To be more specific, the system supports up to Intel’s i7-6950X, and a graphics chip up to Nvidia’s new GeForce GTX 1080. The all-in-one’s 34-inch ultra-wide curved display has an impressive 3,440 x 1,440 resolution, with a refresh rate of 60Hz. The Aura uses off-the-shelf components, so that customers can upgrade in the future.
The Aura can be configured before purchasing. The default configuration consists of the Gigabyte Z170N-Gaming 5 mini-ITX motherboard based on the Intel Z170 chipset. Stuffed into this mainboard is the Intel Core i5-6500 “Skylake” quad-core processor clocked at 3.2GHz, 16GB of DDR4 memory clocked at 2,666MHz, and a Nvidia GeForce GTX 960 graphics card with 4GB of VRAM.
The base configuration also includes one 7,200RPM hard drive with a 1TB capacity, a gigabit Ethernet port, and integrated audio on the motherboard. The CPU features the standard factory heat-sink and fan, and the cable management is neat and tidy thanks to Digital Storm’s “strategic” routing for optimal airflow.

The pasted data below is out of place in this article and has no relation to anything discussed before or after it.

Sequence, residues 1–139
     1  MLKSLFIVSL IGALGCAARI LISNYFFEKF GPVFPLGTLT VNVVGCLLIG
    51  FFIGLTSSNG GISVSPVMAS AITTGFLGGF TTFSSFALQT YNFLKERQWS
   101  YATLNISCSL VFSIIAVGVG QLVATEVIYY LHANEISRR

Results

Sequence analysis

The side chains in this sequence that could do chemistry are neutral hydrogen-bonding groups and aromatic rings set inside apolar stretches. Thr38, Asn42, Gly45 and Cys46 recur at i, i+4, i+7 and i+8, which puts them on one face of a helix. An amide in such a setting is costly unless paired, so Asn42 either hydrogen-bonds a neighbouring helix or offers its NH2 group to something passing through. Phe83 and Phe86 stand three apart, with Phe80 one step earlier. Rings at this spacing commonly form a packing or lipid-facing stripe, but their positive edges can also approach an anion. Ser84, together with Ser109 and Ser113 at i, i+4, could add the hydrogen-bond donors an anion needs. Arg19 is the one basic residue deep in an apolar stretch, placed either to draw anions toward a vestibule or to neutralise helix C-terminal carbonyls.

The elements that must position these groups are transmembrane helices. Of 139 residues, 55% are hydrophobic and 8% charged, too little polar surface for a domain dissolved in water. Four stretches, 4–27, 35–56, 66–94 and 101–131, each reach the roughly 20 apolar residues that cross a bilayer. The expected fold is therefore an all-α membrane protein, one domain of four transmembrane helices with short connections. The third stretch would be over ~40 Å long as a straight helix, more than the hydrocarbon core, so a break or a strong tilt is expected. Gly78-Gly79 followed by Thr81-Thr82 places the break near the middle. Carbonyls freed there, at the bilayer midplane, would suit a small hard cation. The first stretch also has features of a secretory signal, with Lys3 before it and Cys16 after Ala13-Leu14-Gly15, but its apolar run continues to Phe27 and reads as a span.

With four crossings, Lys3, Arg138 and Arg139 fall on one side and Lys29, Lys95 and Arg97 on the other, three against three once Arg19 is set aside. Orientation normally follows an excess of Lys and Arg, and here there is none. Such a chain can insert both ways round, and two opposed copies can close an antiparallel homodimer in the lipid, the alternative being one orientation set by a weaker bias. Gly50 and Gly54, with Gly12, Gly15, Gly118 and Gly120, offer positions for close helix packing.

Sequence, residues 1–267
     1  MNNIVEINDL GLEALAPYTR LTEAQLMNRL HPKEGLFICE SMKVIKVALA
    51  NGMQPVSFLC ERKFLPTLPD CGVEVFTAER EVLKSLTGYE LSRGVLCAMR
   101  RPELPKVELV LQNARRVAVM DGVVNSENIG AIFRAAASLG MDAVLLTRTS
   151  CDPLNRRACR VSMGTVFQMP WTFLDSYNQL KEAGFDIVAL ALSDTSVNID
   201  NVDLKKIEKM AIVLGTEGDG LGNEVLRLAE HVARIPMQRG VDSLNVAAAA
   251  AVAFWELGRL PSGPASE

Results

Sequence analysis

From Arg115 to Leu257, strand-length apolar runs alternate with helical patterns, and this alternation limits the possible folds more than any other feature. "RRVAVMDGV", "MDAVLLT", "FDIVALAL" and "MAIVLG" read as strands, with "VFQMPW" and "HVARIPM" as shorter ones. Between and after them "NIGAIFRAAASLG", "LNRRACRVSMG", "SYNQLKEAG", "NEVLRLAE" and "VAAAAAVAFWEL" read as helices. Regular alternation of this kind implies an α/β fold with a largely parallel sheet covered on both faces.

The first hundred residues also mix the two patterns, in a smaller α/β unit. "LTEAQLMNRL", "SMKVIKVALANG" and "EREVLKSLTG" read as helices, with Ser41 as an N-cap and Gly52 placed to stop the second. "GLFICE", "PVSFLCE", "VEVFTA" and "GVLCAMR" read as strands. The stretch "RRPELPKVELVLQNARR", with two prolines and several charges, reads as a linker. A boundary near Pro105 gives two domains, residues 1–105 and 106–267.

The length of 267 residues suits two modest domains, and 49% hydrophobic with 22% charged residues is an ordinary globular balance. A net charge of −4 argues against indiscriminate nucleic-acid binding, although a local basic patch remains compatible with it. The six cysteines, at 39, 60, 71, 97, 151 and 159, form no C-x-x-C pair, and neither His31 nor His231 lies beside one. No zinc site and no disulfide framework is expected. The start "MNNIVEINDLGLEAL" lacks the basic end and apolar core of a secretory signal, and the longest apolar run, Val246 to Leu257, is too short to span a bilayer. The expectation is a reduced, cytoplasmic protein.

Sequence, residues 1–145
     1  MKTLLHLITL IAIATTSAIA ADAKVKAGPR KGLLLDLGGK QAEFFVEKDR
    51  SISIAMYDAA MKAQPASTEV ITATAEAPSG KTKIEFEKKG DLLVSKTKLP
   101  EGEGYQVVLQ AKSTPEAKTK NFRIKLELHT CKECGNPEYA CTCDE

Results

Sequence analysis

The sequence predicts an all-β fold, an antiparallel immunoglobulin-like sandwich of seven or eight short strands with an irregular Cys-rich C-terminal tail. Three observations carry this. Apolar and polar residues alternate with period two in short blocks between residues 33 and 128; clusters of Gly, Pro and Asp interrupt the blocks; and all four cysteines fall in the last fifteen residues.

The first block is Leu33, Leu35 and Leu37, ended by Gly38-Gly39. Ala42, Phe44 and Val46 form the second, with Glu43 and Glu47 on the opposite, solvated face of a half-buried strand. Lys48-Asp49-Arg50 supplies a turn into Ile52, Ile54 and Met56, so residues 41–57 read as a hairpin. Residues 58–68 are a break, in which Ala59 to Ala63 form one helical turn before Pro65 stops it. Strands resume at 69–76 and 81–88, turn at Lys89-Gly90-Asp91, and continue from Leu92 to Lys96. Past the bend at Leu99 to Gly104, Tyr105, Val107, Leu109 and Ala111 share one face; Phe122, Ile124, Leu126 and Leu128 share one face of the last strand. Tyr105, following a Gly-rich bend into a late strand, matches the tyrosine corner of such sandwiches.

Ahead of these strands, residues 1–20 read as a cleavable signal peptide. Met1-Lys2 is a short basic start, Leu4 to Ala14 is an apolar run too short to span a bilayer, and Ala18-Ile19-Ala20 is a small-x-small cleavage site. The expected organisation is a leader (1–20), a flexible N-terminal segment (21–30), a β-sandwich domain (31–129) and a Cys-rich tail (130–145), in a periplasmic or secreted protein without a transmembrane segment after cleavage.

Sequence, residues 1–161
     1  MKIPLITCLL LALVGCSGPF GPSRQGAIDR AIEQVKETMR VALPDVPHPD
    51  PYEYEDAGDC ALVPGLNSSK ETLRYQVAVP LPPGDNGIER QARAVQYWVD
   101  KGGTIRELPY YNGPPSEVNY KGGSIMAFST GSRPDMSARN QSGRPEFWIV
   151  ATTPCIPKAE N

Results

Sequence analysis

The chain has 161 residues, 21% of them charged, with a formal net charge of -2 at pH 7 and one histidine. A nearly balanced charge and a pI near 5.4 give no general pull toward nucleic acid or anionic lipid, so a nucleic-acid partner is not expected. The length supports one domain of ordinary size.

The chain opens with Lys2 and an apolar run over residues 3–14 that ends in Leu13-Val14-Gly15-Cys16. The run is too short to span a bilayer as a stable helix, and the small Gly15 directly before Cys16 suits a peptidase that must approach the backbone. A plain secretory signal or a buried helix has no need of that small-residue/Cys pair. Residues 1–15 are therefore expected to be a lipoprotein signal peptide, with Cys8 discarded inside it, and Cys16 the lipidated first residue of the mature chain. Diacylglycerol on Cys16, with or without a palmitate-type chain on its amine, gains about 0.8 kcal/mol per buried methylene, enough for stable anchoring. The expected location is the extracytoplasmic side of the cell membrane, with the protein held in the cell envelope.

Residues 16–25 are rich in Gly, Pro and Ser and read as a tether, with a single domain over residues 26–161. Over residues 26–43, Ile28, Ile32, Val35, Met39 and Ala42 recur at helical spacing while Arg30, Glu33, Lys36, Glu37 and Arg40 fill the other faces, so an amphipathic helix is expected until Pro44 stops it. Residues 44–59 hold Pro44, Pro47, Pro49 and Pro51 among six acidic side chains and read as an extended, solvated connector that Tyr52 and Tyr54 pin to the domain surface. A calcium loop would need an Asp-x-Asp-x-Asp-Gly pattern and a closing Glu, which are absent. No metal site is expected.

Standard equipment also includes a 450-watt, 80 Plus Gold Rated power supply, and an unknown number of standard factory chassis fans. There are options for adding an optical drive, additional hard drive, or solid state drive. Users can also change the motherboard, the processor, the memory, and more.
For customers wanting to go with liquid cooling, the company offers its Vortex Liquid CPU Cooler for an additional $94. Overclocking will cost an additional $49. There’s only two other motherboard options available – the Asus Z170i Gaming Mini-ITX board and the ASRock X99E-ITX/ac – and additional CPU options ranging from the Intel Core i3-6320 to the Intel’s Core i7-6950X.
The Aura includes Wireless AC and Bluetooth connectivity on all three motherboard choices. On the I/O front, the Aura chassis provides two USB 3.0 ports, one USB 2.0 port, one SD card reader, one headphone jack, and one microphone jack by default.
To configure and purchase the Aura all-in-one desktop, head here. The default configuration costs $2000, but of course quickly goes up from there, depending on the hardware you select.
- How to speed up your graphics card
- Intel Rocket Lake: Everything we know about the next-gen CPUs
- What matters (and what doesn’t) when buying a gaming desktop
- Laptop buying guide: What to look for in 2020, and what to avoid
- The best motherboards for 2021